For the last seven months or so, my son Asher has been obsessed with a computer game that at first glance looks banal but is truly startling. It is called Minecraft, and it is amazing in several ways. First, to get this out of the way, it has been developed over the last 2 years by one person, Markus Persson, aka "Notch," who sells the game himself online. It has sold over 4 million copies at a cost from $15 (alpha) to $22 (beta) each, meaning Notch has made well over $50 million cash. And version 1.0 hasn't even launched yet. Minecraft 1.0 is releasing tomorrow, 11/11/11. 

In short, Minecraft is a first-person, world-building game. You create worlds, and you inhabit them, surviving and building. How is it different from other world-games, such as Second Life? It is what you might call low-level. It is about resources, physics, chemistry, evolution, invention. Not so much emphasis on character and what you are wearing. The world is lo-res, pixelated and blocky, divided into a 3-D grid of matter: stone, dirt, grass, ore, ice, water, air, and so on. To create iron to build with, you smelt ore in a furnace. You build a house, or a tower to climb to survey the lay of the land, and you light it with torches (but be careful because you can burn your house down). There is weather— rain  causes floods, freezing turns water to ice. You get the idea that instead of the game designer imagining a player's progression, he has simply provided conditions: natural resources, a few crude tools, space, and time. Players take the role of primitive humans, inventing technologies to enhance their world (or survive - - there are wild animals roaming around). 

The game sometimes looks like what is called a first-person shooter -- but without the guns. So players invented their own catapult-like guns from material on hand. In fact technological evolution within the game has paralleled the development of the game. Notch introduces new tools and higher-level technology as the game advances.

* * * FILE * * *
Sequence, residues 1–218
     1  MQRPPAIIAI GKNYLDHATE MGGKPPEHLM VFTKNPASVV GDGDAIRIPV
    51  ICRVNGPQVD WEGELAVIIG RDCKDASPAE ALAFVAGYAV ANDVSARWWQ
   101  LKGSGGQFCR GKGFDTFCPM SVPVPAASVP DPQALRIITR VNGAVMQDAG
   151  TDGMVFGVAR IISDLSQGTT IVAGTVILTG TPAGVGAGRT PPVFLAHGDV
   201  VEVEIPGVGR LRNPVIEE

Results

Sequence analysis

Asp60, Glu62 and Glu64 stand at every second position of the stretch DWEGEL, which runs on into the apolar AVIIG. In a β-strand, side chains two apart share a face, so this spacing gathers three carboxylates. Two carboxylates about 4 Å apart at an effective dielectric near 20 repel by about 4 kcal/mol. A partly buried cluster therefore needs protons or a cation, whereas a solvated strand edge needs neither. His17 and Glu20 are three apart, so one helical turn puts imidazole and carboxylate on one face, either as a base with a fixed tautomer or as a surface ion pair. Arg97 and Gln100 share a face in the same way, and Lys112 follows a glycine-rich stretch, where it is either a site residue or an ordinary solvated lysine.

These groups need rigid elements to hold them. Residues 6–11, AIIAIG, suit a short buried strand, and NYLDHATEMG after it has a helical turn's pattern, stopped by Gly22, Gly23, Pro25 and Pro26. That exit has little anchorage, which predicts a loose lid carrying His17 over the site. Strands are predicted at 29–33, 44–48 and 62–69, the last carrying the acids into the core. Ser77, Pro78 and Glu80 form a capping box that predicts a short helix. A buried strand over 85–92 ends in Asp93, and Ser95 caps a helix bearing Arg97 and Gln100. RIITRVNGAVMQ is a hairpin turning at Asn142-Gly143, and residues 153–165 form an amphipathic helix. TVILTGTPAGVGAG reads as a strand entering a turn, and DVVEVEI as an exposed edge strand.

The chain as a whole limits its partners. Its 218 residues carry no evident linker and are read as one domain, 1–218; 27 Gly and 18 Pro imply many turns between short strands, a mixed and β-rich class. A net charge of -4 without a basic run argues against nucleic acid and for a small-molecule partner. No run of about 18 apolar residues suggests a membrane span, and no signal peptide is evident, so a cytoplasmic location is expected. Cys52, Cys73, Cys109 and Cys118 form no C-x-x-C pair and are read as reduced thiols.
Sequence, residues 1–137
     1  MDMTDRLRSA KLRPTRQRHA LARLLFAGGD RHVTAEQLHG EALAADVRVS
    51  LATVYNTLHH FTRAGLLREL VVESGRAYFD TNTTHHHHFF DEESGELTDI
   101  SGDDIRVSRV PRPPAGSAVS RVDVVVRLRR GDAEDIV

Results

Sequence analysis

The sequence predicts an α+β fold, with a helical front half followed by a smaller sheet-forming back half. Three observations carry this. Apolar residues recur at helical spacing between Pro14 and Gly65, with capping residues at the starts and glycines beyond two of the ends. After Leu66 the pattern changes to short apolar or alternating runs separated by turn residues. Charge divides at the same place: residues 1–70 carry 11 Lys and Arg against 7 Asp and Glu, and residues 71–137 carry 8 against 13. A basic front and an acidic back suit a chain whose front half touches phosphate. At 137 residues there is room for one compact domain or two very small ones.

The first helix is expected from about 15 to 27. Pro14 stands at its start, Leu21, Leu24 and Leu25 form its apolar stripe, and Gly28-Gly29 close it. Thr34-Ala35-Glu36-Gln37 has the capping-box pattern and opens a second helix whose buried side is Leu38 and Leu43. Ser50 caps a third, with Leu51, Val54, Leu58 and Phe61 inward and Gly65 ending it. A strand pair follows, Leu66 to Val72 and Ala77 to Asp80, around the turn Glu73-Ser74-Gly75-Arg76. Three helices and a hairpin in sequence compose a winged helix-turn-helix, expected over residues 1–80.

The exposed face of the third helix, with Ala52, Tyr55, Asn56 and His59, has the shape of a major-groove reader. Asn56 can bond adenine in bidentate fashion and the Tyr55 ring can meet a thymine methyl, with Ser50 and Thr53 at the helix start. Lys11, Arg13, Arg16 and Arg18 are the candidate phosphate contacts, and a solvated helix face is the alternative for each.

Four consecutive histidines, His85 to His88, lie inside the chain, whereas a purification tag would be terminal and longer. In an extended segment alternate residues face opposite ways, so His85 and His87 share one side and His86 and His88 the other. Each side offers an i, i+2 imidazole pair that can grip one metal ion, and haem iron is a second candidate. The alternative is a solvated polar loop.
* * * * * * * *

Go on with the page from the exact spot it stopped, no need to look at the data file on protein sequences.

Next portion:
To me this is much more fascinating than the last big game about the origin and development of life, Will Wright's Spore. Spore developed in secret over years until its dramatic release. While it is impressive and staggeringly complex, it feels predetermined and closed, with too much of the choose-your-outfit, make-your-own-vehicle play that feels stale and tedious. 


 Minecraft feels atomic, like Lego imbued with physics and chemistry. You can build things the developer never anticipated. In fact Minecraft "mods" are all over the Net -- people have hacked in flying, mass-construction techniques, animals and weapons to enable hunting. But you always have to build your shelter. Asher's homes have typically featured towers for viewing (the chunky landscape can be surprisingly beautiful) and cellars full of furnaces churning out building material. He has pet animals, and while they seem to return home, he must be careful to keep the door closed to prevent them from wandering away. Life goes on when you're away from the game. You can come back to find your house flooded or burned down or animals running amok.  

Asher runs his own server on his laptop -- his own world that his friends can log into and inhabit. He wants his computer to be open at all times to keep the world open. He has been encouraging me to build all our projects in Minecraft. I must admit that the prospect is fascinating. It is a chance to see how the spaces we design fare in a primal, emergent environment. 


Naples Table

Our new Brooklyn house is satisfyingly situated on the East River and on the seam between Brooklyn Heights and Dumbo, but it is super-compact. We needed an efficient dining table to accommodate 8 people in a tight space. Looked at round, which is convivial and begs for a lazy susan. But I think 4' square is the way to go. At two per side it's snug/intimate, and it works for only 4 as well. It is efficient to fabricate, too -- a 4'x8' sheet of plywood cut in half makes the top. Such a table must be pedestal-supported. With 8 diners around it, no room for legs.